If there are any employees who are getting into ‘trouble’ with their coworkers on a regular basis, then they create some unnecessary stress and unnecessary tension in the workplace. This can impact more people and stop them from doing their job as they would like to. So it is important to step in as management when this kind of thing happens, to give them enough warning so they can adjust their attitude, and take steps to deal with the issues. When it comes to hiring new people, look for people who will be a good fit for the role, but also fit into the culture of the business and existing team. A mix of personality and skills is a must for new candidates.

Incorporate branding into the workspace

We all know that when employees are at work, they will also be thinking about other things, and doing some other things. They might need to take a personal call, book an appointment on their lunch break, or deal with a personal issue when getting on with their workload. Which is why having some branding in the office can make a big difference. When the theme of the business and the brand runs throughout the work space, it can spark creativity, and helps give employees a focus when working. They only have to look around and see a custom flag or brand colors on the wall to remember where they are and what they should be doing. Simple things can make a difference and help your team to work more productively.

Use technology

It is so important to look at and harness the power of technology in the workplace. It can streamline what you are already doing, and improve things like management, cash flow, and other aspects of the business that can be prone to human error. Technologies and collaboration tools so cost the business money. They also need to involve some learning, which is why some businesses can be shy to use them and embrace them as much as they could. The costs associated will pale in comparison to the benefits that can be gained, so that is an important thing to think about.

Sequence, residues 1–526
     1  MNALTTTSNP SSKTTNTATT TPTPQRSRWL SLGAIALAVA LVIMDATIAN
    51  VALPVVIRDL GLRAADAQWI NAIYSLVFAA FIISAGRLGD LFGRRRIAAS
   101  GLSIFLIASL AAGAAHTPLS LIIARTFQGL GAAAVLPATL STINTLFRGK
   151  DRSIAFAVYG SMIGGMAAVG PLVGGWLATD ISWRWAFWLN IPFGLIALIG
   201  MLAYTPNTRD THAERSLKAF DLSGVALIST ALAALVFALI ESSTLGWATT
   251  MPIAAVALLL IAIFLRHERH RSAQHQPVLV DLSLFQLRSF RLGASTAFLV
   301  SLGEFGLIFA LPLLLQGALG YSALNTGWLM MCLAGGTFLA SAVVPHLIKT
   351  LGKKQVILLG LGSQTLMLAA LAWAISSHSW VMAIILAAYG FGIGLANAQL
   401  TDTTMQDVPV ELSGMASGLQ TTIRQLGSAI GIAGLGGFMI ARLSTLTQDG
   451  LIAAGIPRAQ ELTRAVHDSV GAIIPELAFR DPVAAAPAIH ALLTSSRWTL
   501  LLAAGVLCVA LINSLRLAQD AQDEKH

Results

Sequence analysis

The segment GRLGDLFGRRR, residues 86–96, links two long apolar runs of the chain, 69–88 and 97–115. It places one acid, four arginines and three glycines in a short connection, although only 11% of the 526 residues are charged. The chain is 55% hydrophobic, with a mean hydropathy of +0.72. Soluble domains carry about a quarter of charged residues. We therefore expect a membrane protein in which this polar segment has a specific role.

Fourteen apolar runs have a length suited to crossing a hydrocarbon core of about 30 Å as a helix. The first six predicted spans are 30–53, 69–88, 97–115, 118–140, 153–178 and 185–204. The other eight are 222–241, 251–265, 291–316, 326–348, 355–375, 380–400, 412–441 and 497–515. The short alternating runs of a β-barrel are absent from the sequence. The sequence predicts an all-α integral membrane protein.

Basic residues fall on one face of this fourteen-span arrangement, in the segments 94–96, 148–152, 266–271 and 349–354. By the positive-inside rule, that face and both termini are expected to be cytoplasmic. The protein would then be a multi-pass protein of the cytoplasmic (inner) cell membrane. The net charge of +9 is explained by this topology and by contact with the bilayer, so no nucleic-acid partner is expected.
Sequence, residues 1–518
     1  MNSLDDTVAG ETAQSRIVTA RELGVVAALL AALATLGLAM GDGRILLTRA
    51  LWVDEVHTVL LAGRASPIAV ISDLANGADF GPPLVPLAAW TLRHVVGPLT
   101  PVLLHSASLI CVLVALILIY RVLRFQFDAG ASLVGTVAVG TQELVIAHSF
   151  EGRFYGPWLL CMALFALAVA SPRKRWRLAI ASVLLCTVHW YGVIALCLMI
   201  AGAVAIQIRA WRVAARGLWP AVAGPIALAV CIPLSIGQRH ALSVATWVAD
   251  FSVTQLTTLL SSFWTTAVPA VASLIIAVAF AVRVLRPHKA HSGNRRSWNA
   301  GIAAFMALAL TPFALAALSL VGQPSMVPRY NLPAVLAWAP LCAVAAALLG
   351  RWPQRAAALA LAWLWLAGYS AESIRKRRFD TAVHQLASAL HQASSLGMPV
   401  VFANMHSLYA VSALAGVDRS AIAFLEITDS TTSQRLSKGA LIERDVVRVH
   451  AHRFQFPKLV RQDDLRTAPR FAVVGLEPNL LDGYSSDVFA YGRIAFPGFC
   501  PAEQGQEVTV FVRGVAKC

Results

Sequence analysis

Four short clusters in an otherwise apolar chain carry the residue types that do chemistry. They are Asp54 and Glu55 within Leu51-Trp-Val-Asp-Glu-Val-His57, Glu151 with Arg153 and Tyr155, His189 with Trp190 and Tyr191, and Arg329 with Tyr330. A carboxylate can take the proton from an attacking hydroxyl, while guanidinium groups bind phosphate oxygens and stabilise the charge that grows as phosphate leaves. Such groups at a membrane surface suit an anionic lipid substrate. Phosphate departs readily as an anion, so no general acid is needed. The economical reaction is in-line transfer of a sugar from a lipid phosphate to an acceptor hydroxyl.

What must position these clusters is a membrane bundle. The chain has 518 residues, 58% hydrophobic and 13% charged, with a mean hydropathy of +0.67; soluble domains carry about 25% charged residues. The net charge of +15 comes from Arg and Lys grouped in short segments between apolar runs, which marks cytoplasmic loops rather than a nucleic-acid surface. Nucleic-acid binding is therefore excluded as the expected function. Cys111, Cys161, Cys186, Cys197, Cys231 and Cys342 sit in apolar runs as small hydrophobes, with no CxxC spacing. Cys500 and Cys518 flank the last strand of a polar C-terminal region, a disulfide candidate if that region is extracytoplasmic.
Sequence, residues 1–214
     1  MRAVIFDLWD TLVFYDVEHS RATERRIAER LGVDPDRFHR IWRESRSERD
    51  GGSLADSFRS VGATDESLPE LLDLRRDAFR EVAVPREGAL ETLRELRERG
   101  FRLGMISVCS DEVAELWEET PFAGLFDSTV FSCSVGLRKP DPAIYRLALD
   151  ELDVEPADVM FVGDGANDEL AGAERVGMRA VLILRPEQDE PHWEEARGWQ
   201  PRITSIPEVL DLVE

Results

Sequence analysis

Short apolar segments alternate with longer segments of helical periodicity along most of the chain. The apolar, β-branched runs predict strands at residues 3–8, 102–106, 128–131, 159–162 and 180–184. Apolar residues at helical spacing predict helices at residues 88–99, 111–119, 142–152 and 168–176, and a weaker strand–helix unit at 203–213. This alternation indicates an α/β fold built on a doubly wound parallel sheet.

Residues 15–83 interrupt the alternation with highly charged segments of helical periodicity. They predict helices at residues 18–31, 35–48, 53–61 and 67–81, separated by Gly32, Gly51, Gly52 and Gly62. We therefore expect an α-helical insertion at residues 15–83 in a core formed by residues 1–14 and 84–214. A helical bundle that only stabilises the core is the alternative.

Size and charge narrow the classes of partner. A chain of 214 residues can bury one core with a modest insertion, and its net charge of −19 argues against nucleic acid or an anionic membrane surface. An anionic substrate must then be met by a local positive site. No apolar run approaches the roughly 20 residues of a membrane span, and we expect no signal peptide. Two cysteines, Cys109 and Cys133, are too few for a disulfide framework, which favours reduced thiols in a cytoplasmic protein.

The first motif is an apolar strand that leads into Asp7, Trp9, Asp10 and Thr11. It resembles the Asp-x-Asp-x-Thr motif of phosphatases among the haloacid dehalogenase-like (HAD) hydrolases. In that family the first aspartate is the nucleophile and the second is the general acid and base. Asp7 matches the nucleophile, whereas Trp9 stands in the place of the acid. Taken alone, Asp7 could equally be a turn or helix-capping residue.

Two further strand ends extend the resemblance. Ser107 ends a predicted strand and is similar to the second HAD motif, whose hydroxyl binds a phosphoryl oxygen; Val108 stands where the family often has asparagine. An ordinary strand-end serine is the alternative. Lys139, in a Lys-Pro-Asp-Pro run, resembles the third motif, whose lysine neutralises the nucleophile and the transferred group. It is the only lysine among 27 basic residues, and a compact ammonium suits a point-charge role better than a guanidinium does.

An effective and productive work environment for your team is one that is not just rewarding for your team and the business, but one that is also safe. Look for ways to make the office a safe space to be, and that can help too. People aren’t going to stay working with you if they are just working in an office space that is full of accidents that are waiting to happen.

How to Keep Your Team Agile and Aligned Under Pressure

StrategyDriven Management and Leadership Article | How to Keep Your Team Agile and Aligned Under Pressure
 
As a leader, you are constantly trying to maximize the magical effort to effectiveness equation (a.k.a. efficiency). You can see this play out in your daily operations and ultimately in the P&L. However, there is an intangible asset that is very difficult to quantify — but without it you cannot ultimately succeed. This asset is, of course, alignment.

Alignment matters because it is an amalgamation of understanding, agreement, buy-in, engagement, empowerment, and accountability.

It amazes me how few leaders understand how to harness, measure, leverage, and ultimately achieve true alignment behind their strategies and objectives. Too many leaders assume that just because they have spoken, their teams are all on the same page with them — and everything will proceed from there. Achieving true alignment takes a significant allocation of effort. But there is a direct correlation between the extent of alignment and the results achieved.

Therefore, it is in your best interest as a leader to focus more on achieving, gauging, and calibrating alignment than almost any other executional activity. The good news is that achieving alignment is more science than art — meaning that there are tools that work nearly every time in getting people behind an idea, strategy, or mission. Below, allow me to present three of my favorites: